Randy Waldrum brings change, experience to Pitt women’s soccer


Randy Waldrum will come to Pitt as one of the winningest head coaches in women’s collegiate history with almost 400 wins. (Photo via Pitt Athletics)

For a team that won just three games last year, hiring one of the most successful women’s soccer coaches in the country might seem unlikely.

But that’s just what athletic director Heather Lyke announced in December with the hiring of Randy Waldrum to lead the struggling program.

Waldrum has been coaching soccer for the last 30 years. He comes to Pitt as one of the winningest head coaches in women’s collegiate history with almost 400 wins, which puts him at sixth most for Division I coaches.

Since joining the ACC in 2013, the Panthers have found little success in women’s soccer, going just 7-45-1 in conference over the past three seasons. Since Pitt hired head coach Greg Miller in 2012, the Panthers have gone 32-69-8 overall, winning just three games last year.

But since coming into the program, Waldrum has already noticed the big problems that have ailed the team for so many years. He said he plans to change the entire culture of the team.

“We have to really change that culture and in terms of the intensity and the expectations from the players on the field. That’s kind of jumped 70-80 percent of what they’re used to,” Waldrum said.

Besides all of the negatives this program and team have carried, Waldrum was surprised to see the players and program in a lot better shape than he expected when he arrived.

“I think we’ve got a core of some good players,” Waldrum said. “I don’t think they had a great vision of how they wanted to play.”

Redshirt senior forward Taylor Pryce (5), seen playing at Pitt’s 1-1 tie with Virginia Tech Sept. 21, 2017, is happy about Waldrum’s changes to the team. (Photo by Thomas Yang | Visual Editor)

The players on the team have also responded well to the hiring. Redshirt senior forward Taylor Pryce was happy with how organized the team has been so far.

“You can just tell the intensity is just a lot higher, and he helped hold us all to a much higher standard, which helps [with] trying to change the whole culture of the team,” Pryce said.

One of the biggest changes with the team that Waldrum has focused on is improving the offense. He has shifted the focus of the team from being defensive to more attack-minded. Redshirt senior midfielder Ashley Moreira is supportive of this shift.

“We’re always used to … defending our half. He wants us to push higher, get numbers around the ball higher up the field,” Moreira said. “So we’re focusing on that mainly this upcoming season.”  

Waldrum brings decades of soccer coaching and experience to the Panthers’ program. The former college and professional player has been coaching since 1989, when he began coaching double duty at Tulsa, heading both the men’s and women’s program.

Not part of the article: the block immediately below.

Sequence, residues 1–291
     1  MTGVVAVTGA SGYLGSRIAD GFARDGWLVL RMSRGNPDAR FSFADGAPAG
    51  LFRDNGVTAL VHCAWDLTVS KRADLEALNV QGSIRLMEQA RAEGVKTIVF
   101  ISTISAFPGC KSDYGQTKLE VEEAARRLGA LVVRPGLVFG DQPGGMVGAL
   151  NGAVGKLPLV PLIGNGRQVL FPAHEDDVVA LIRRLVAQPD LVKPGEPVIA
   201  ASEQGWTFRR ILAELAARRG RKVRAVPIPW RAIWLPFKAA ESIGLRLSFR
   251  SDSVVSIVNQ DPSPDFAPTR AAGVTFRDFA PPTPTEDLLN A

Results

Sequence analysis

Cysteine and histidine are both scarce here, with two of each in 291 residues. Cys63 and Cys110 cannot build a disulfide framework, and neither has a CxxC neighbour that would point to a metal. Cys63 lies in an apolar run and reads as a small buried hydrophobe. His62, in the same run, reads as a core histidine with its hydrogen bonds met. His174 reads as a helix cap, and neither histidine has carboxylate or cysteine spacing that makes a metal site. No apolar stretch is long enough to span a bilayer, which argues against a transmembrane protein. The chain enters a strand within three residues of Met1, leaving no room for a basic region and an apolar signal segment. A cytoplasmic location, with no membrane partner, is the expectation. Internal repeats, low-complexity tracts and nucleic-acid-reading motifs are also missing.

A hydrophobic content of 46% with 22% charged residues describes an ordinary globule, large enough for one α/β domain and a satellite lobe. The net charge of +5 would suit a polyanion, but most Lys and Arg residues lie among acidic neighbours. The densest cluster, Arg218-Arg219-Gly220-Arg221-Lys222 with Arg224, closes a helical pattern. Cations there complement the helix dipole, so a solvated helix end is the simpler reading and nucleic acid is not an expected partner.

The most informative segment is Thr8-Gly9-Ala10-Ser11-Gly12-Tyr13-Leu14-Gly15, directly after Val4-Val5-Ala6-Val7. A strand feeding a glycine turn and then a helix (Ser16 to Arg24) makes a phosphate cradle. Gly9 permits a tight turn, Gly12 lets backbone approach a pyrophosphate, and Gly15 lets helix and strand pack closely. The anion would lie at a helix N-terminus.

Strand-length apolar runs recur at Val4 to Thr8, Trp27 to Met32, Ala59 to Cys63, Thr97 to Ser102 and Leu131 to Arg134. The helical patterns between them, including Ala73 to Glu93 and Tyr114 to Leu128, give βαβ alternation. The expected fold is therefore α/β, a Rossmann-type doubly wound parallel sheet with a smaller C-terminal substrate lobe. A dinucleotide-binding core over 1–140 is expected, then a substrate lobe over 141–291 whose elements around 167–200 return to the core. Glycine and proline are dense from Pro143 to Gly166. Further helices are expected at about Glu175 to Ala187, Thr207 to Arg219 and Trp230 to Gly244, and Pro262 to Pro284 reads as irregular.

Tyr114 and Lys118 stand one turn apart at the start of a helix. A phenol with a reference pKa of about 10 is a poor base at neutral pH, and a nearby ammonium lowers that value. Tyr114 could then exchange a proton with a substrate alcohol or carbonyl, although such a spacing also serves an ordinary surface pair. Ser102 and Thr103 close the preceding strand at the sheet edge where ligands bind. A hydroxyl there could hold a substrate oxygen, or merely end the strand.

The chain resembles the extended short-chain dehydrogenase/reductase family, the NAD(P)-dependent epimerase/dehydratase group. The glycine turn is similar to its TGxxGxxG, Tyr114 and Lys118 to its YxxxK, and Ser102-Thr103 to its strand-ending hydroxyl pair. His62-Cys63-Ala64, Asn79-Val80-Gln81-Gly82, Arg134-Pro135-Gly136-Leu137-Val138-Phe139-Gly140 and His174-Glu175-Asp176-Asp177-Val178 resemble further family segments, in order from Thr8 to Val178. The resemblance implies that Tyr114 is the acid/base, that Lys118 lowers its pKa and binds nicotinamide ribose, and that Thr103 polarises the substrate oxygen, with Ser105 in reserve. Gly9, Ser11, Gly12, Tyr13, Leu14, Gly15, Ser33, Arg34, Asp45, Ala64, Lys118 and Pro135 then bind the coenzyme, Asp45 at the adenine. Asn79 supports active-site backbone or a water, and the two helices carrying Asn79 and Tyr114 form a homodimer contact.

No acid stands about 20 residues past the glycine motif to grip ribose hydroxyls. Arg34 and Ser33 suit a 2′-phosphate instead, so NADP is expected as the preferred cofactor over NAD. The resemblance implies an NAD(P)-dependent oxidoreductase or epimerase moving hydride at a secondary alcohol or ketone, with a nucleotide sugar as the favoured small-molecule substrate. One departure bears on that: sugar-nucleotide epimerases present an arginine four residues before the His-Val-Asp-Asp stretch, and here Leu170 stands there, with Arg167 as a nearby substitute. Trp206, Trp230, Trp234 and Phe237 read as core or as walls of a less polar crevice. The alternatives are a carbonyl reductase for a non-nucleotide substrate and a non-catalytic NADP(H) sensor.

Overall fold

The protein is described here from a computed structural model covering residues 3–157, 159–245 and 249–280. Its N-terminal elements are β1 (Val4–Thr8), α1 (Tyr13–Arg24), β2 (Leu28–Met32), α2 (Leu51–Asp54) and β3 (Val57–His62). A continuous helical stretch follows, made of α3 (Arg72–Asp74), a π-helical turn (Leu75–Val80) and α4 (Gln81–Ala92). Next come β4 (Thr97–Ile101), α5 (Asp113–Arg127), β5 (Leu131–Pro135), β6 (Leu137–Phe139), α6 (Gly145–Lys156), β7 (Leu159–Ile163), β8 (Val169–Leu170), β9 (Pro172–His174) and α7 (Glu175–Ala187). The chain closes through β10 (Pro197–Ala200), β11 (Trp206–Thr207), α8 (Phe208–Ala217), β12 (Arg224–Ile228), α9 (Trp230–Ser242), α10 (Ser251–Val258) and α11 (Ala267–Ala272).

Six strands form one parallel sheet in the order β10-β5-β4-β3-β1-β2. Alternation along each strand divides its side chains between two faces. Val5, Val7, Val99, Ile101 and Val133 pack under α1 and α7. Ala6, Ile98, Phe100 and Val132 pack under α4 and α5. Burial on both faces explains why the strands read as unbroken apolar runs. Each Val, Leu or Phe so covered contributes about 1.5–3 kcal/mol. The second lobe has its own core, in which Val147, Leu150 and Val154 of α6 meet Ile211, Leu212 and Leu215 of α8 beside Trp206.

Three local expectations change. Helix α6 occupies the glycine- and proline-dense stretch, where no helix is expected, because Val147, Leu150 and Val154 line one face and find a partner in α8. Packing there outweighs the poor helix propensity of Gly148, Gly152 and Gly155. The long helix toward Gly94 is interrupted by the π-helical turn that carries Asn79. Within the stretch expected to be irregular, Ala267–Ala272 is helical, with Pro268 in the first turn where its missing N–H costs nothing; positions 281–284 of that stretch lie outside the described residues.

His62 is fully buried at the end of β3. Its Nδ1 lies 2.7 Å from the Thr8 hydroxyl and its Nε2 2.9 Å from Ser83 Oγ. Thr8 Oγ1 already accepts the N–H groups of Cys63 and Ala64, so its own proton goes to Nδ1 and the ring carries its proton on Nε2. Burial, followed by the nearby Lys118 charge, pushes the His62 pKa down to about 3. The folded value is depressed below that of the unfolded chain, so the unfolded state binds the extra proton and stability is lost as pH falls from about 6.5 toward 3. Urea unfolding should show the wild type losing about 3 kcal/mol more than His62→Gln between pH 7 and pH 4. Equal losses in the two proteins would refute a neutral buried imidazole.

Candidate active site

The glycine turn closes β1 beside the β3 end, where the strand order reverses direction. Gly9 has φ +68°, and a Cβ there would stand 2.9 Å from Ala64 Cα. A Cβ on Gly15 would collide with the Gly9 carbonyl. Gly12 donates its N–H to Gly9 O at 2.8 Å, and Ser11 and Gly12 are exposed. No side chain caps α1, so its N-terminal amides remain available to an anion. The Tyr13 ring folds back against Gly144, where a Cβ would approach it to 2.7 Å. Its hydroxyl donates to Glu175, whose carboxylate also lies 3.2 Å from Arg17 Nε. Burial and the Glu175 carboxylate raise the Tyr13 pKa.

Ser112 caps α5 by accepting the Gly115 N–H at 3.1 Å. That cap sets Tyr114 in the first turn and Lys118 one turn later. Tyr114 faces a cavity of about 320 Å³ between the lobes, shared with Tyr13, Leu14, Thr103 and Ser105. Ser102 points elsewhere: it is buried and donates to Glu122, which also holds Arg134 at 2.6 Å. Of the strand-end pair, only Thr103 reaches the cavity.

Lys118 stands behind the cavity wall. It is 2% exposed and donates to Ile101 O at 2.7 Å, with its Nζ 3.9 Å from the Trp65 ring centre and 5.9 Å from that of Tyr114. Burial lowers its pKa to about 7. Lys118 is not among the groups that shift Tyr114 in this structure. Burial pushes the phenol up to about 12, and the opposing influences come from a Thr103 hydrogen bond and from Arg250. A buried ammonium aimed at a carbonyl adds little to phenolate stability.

“The good thing about those days is I got [to do] a lot of coaching,” Waldrum said. “As a young coach I got double the opportunities and I think that really helped my growth as a coach, but it’s a difficult thing to do.”

The teams continued to have great success and began to gain national attention. With a higher profile, both teams had to play against much tougher competition and it became harder for Waldrum to split his time between the programs. Waldrum compiled a record of 61-36-9 with the women and a 66-33-6 record with the men before leaving for Baylor University in 1995.

He was the inaugural women’s coach at Baylor, leading the brand new program to a 46-14-3 record in three seasons. He quickly moved up to the head coaching job of the Notre Dame women’s team in 1999.

Waldrum cemented himself as one of the country’s best coaches in his years with the Fighting Irish. In 15 seasons, he led Notre Dame to 15 NCAA tournament appearances, eight Final Fours and two National Championships — in 2004 and 2010 — with a record of 292-58-17.

Waldrum left South Bend in 2013 to take his first professional job with the newly founded Houston Dash of the National Women’s Soccer League. While with the Dash, Waldrum was able to coach high profile players like USA National team midfielder Carli Lloyd and defender Meghan Klingenberg.

He noticed how much more time professional players had to take care of themselves and focus on their performance compared to college players.

“You try the best you can, but you got that exam the next day so you gotta stay up till 2 or 3 in the morning. And you got a late practice so you don’t eat at the time you need to so you’re eating at 9 at night instead of 6,” Waldrum said. “It’s much different in that regard because every focus that the player has is just on performance.”

During his tenure at Houston and with Notre Dame, Waldrum also coached internationally. He coached the U.S. Women’s U-23 team from 2012-13 and the Trinidad and Tobago women’s national team from 2014-16, an underfunded program.

“I was getting people in this country to sponsor by sending us boots, goals and you name it,” he said. “You felt good about doing it because those players really deserve that opportunity.”

After Trinidad and Tobago, Waldrum neared the end of his stint at the Dash. He left his head coaching job last May after going 19-39-3 in four seasons.

Waldrum has quickly introduced his offensive-focused style to his new team, and the Panthers have seen some results so far, beating Canisius, Robert Morris and Duquesne in spring season friendlies. Waldrum is satisfied with the performances, but says that there is still work to be done.

“I can already see the improvement from January until now,” Waldrum said. “A lot of parents have come out and watched a couple of the games we’ve played and … almost every one of them and said, ‘Gosh, how much better it is and how much different it looks from last year.’”

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